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Value-Weighted Index-Overview and How to Calculate

There are three methods commonly used to calculate stock index; price, equal and value weighting. Also known as the capitalization-weighted index, value-weighted indices are currently the most popular of the three.

Value-weighted index weighs individual securities or components against their total market capitalization. The index uses the stock market capitalization to assess the impact of specific security on the overall company value. Market capitalization is the value of the company’s present shares. On their end, investors use the value-weighted index to determine the size of a company, as opposed to using its sales or total assets.

Value-Weighted Index Calculation

Start by multiplying the value of each price with the total number of stocks on the market. The result is the company’s total market value, which is taken as a proportion of the overall total market value. The latter is a sum of the total market values of individual companies in a particular industry.

For example, Company A has 300,000 shares, each worth $125 has a total market value of $37,500,000. Companies B, C, D and E have a calculated total market value or $45,000,000, $30,000,000, $112,500,000 and $7,500,000 respectively.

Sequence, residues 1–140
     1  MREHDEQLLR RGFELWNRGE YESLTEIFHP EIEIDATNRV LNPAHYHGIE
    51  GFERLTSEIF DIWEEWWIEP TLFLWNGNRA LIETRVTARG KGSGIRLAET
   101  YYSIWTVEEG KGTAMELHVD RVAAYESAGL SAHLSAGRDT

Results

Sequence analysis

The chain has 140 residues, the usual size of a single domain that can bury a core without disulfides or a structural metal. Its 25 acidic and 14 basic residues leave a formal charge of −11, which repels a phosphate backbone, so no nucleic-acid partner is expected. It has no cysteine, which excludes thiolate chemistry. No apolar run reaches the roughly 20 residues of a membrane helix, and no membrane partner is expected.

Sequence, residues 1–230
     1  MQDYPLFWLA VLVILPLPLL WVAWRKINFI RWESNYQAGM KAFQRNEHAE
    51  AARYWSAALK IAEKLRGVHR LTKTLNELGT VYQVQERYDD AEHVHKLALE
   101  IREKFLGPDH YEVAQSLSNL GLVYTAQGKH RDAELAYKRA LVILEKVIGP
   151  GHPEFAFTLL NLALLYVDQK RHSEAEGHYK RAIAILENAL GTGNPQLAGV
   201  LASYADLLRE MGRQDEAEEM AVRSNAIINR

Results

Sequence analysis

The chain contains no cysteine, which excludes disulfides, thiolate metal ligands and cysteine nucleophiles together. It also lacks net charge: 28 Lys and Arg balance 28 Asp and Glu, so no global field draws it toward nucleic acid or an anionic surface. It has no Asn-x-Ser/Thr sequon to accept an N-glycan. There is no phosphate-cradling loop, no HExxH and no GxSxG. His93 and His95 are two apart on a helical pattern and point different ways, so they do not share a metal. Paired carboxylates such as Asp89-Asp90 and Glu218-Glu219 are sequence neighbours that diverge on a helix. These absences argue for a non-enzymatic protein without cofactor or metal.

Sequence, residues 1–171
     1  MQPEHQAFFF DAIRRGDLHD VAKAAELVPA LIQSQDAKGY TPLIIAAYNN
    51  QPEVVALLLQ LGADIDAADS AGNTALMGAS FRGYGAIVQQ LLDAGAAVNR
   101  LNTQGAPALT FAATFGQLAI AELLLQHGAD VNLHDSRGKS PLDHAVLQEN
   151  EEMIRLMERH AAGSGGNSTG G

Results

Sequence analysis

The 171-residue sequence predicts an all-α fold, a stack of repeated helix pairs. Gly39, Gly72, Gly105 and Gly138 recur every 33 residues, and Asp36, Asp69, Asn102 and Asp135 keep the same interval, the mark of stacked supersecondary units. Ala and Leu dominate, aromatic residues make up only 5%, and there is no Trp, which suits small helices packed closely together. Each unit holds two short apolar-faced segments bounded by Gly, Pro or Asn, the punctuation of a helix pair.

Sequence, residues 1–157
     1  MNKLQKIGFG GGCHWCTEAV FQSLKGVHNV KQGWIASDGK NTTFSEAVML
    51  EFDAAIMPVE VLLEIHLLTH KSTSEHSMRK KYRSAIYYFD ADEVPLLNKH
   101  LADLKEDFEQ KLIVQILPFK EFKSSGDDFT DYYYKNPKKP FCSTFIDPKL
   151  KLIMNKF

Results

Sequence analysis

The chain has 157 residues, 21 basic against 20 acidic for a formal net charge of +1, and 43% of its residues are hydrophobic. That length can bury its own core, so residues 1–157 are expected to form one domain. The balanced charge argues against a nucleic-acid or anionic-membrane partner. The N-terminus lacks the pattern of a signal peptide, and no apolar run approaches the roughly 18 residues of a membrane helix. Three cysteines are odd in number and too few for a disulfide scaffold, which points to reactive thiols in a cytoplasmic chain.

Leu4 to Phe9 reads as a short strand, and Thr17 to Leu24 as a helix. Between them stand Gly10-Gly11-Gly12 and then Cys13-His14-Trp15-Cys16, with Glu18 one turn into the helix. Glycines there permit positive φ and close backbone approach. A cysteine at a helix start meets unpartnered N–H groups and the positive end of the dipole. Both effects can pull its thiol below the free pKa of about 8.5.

In such a scenario, the entire market value of the individual components is $232.5, with the value-weighted index for Company A being estimated to be 16.1%.

Value-weighted indices are adjusted in certain instances. For example, when a company issues new shares, its total market worth increases, so does its weighted index. As a result, a majority of value-weighted indexes are reviewed regularly.


The primary advantage of value-weighted indices is that their market worth represents companies. That is an excellent indicator of a company’s position in the economy and the stock market.

Small companies tend to have lower market values hence lesser weighting. This reduces the risk of investors should the business fail to perform or survive.

On the other hand, huge and well-established companies, such as those in the financial or energy industry, typically have greater market values and weighting. Such companies dominate the index, attracting more investors hence have a perfect opportunity for steady growth. 


On the downside is diversification is limited, and individual stocks experience too much pressure to perform better. That can hurt the company’s fund’s performance.

Suppose a company’s stock is overvalued for some reason, whether intentionally or unintentionally, the increased purchase of stock can create a bubble. Unfortunately, as more people purchase based on the current stock market bubble, there is an increased risk of bursting the bubble resulting in free fall of the stock prices.


The value-weighted index is crucial in any market or industry. Company owners can know where they stand in the economy as well as the stock. This way, they can find ways to do better and attract investors.

On the other hand, the value-weighted index helps individuals determine when to buy or sell their stocks in a particular company. The downside is that sometimes these indexes can be misleading, causing losses to both parties.

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